Life can change in a matter of days, and in some cases, in hours or even minutes. A few days ago, all we could think of was COVID-19. Now our attention is on the recent events surrounding George Floyd’s murder by a Minneapolis police officer.
His murder has resulted in national outrage. African Americans and allies flock to the streets in protest. Iowa has shown the same solidarity, but we watch in disbelief as chaos erupts here, too.
As confrontations continue in Central Iowa and other parts of the state, clashes between protesters and police have turned violent at times. On Sunday, the Polk County Board of Supervisors declared a curfew requiring residents to stay at home from 9 p.m. until 5 a.m. Some refused to follow this new restriction, which so far has resulted in the arrest of many dozens of people in Des Moines.
I reached out to Polk County Sheriff Kevin Schneider and Major Cory Williams to learn more about the conditions at the Polk County Jail.
Knowing how coronavirus has spread throughout meatpacking plants nationwide, given the proximity among workers, I wondered how our local jail was handling the pandemic. Jails also are high-density facilities, so I wanted to learn what leadership is doing to keep their staff and inmates safe.
Sheriff Schneider told me he learned about the pandemic in late February. In early March, the sheriff’s office started planning by referencing CDC guidelines, which was all they had at the time.
One of the first steps they took was to reduce the jail population to allow social distancing between inmates. They were able to collaborate with the Polk County Attorney’s Office and judges to review cases. Through a review of pending cases, the jail population was reduced from 1,150 incarcerated individuals to about 700.
The sheriff said this practice is an ongoing process. They review cases every two weeks to see who they have in custody and who is eligible for release.
Major Williams added that another important piece of keeping everyone safe is to educate their staff. This included sharing all they knew about the virus, how contagious it is, how it spreads and the importance of social distancing.
They also implemented PPE protocols, although there was a shortage of protective equipment at that time. The department had a small supply at the beginning, which they have been able to increase over time.
Leadership at the jail had a primary goal, to isolate their inmate population as much as possible so they could prevent the spread of COVID-19 once was it was confirmed in an inmate. They stopped visitors from coming to the jail and provided accommodations for those visits to take place virtually.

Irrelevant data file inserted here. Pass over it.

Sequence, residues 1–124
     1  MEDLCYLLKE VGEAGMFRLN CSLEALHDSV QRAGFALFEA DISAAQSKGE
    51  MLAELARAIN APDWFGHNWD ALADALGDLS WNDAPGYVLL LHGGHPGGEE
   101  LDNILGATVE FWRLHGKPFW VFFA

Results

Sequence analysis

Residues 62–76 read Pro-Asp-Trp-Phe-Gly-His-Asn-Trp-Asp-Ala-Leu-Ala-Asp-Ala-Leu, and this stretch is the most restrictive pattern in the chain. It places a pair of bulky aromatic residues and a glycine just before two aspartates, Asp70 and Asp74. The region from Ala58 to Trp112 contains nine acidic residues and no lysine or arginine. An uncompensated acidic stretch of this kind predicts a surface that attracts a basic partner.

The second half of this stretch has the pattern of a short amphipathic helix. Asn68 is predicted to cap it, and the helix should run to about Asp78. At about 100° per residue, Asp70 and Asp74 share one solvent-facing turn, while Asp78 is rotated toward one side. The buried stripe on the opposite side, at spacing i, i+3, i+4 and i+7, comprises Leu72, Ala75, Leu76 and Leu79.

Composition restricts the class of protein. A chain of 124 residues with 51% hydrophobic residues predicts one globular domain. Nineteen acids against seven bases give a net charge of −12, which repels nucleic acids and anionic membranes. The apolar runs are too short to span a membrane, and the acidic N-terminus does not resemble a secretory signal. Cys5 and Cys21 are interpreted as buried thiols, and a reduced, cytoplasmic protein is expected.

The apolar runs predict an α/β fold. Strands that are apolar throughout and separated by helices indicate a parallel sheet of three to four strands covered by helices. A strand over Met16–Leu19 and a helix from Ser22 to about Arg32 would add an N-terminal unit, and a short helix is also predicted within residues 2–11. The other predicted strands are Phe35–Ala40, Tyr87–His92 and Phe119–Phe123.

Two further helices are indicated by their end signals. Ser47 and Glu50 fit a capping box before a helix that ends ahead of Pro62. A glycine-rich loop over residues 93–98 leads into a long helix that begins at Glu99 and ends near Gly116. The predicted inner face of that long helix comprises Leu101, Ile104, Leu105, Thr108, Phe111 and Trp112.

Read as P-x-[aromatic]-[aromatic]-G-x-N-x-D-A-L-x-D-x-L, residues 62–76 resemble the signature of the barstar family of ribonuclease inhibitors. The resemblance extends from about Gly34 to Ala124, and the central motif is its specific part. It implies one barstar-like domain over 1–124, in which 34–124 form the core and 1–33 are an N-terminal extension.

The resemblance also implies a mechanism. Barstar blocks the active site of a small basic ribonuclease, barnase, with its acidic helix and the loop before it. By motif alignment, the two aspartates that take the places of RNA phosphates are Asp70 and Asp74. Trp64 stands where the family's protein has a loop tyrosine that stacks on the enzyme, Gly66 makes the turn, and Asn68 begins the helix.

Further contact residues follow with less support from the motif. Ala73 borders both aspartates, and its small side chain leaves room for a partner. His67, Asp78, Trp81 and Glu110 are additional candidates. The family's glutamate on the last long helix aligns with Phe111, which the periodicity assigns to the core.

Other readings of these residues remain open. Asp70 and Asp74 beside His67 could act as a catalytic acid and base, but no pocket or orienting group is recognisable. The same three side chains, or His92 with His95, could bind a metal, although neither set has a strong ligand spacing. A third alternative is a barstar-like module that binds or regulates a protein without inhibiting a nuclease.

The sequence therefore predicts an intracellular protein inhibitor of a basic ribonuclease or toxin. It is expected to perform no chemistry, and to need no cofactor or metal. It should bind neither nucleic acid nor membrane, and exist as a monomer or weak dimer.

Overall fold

As of May 29, the sheriff said 119 inmates had tested positive for COVID-19. He insisted that although the number seemed high, it was important to remember 60% of the population has been tested. Many of the positive cases were asymptomatic, he said.
Once an inmate begins to show symptoms, they are sent to their comprehensive medical provider inside the jail to evaluate and test them. The inmate then is moved to a designated and isolated area within the facility.
The process applies to jail staff, too. They are at high risk even while using PPE. Testing is extremely important. Among staff, they have eight confirmed positive cases.
Communication has been a top priority, Williams said. There is diversity within the inmate population and that also comes with language barriers at times. He said the jail uses a language line (a phone service that provides interpretation in multiple languages) to assist in sharing information with inmates.
They also have some bilingual staff that can assist in keeping inmates updated and educated about the virus.
Sheriff Schneider said that when individuals reside in the Polk County Jail, they are treated with respect and dignity, and that staff is doing their best to keep everyone safe. They are trained about the virus and provide 24/7 medical care, something many in the general population lack.
After more than three months into this pandemic, we have learned that prevention and communication play a key role in controlling the spread of COVID-19.
If companies, institutions, and organizations care for their clients, staff and the community, they will do everything in their power to protect them from harm. It is not just the right thing to do, is the humane thing to do.
The Polk County Jail is a public institution. They are here to serve the community, even during the unpleasantness of incarceration. The jail took necessary measures, paid attention to CDC guidance, moved quickly and acted humanely.
It is incomprehensible that meatpacking plants profiting from people who want and need those jobs, did not step up to the plate and do the right thing, the humane thing, before cases at their facilities overwhelmed the workforce.
By Claudia Thrane
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